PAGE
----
• Imre Salusinszky on Bennelong in The Weekend Australian:

The experience of Labor in 1990, when Bob Hawke was mugged in Victoria by the unpopularity of former Labor premier John Cain, shows there are occasions when a Labor state government can throw an anchor around the neck of its federal counterpart. According to Newspoll figures published in The Australian yesterday, federal Labor’s primary vote in NSW is running at 41 per cent, nearly four points down on its level at last year’s federal election. Although this is still much higher than the 29 per cent primary vote recorded in a Newspoll last month for the state Labor government – which, as it happens, was precisely the party’s primary vote in Ryde – it certainly suggests Rudd has problems in NSW. Given Rees’s recent decision to scrap plans for a metro rail system linking central Sydney to the city’s northwest, some of those problems could manifest in Bennelong. And while Howard was a formidable adversary, it would be possible to argue his presence assisted McKew by encouraging every gibbering Howard-hater in the country – including the activist group GetUp! – to get involved in the battle for Bennelong.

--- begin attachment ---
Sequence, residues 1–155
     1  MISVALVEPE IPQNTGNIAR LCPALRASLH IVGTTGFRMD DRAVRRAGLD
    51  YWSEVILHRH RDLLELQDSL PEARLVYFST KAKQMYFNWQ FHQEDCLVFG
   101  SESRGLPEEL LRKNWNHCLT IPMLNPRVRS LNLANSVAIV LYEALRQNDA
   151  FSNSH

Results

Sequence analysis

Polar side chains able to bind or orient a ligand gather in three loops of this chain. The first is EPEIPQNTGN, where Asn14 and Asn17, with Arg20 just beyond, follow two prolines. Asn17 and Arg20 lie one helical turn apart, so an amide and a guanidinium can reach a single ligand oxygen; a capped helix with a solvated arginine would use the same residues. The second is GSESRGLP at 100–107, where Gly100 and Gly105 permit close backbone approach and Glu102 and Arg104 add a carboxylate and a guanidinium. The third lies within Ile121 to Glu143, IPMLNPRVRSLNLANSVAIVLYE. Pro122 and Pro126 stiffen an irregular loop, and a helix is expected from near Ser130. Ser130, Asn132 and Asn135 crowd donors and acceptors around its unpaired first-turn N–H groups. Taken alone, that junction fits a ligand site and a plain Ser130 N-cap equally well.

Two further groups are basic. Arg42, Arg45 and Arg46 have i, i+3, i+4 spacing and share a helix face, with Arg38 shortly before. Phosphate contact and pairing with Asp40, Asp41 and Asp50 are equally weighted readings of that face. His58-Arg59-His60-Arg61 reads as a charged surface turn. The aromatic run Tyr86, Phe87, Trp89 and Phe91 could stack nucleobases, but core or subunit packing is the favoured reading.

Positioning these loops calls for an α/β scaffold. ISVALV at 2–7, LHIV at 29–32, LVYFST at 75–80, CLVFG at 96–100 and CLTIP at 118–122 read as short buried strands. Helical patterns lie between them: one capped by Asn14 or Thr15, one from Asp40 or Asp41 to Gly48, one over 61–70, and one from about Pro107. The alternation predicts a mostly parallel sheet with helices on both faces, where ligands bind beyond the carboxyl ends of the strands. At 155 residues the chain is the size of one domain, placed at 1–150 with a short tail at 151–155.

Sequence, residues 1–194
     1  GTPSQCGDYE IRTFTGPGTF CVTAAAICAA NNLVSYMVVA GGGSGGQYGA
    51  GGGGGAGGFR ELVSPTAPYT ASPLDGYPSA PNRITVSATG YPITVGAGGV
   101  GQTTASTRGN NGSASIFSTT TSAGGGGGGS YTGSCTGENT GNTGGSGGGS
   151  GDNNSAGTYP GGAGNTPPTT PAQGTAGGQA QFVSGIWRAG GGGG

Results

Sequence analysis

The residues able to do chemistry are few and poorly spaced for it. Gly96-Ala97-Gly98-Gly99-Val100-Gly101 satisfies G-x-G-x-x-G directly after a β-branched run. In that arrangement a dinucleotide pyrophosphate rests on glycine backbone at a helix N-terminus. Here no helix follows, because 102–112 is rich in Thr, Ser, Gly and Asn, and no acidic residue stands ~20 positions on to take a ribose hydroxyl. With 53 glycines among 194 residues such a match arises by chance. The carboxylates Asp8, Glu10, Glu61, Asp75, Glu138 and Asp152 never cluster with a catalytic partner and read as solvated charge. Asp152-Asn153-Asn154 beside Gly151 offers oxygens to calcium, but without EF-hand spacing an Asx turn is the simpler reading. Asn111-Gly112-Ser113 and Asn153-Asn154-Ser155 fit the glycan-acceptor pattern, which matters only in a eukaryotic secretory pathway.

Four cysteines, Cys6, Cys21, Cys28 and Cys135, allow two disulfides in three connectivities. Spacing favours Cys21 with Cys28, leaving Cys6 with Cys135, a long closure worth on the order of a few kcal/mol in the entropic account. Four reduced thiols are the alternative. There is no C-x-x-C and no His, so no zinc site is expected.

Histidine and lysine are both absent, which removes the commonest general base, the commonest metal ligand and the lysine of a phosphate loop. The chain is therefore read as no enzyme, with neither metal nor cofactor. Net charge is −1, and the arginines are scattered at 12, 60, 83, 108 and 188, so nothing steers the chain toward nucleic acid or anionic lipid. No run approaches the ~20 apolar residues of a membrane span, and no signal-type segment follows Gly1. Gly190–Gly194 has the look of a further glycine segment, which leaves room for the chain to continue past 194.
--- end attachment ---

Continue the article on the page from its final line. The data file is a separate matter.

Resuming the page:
The key, obviously, lies in the calibre of candidate the Liberals manage to put up. Two names that have been mentioned are former state leader Kerry Chikarovski and former rugby union international Brett Papworth. Chikarovski represented Lane Cove, which falls largely within Bennelong, from 1991 to 2003; Papworth is a son of the electorate who began his playing career there. But if there is one candidate who could give McKew a fright, it is Andrew Tink. Tink represented the state seat of Epping, which falls largely within Bennelong, from 1988 until last year’s state election. A true-blue local, Tink would be able to exploit a lingering perception of McKew as a celebrity blow-in. Tink appears to be enjoying his second career as a historian of NSW politics, but there have been approaches from senior Liberals who would like to see him make history of McKew.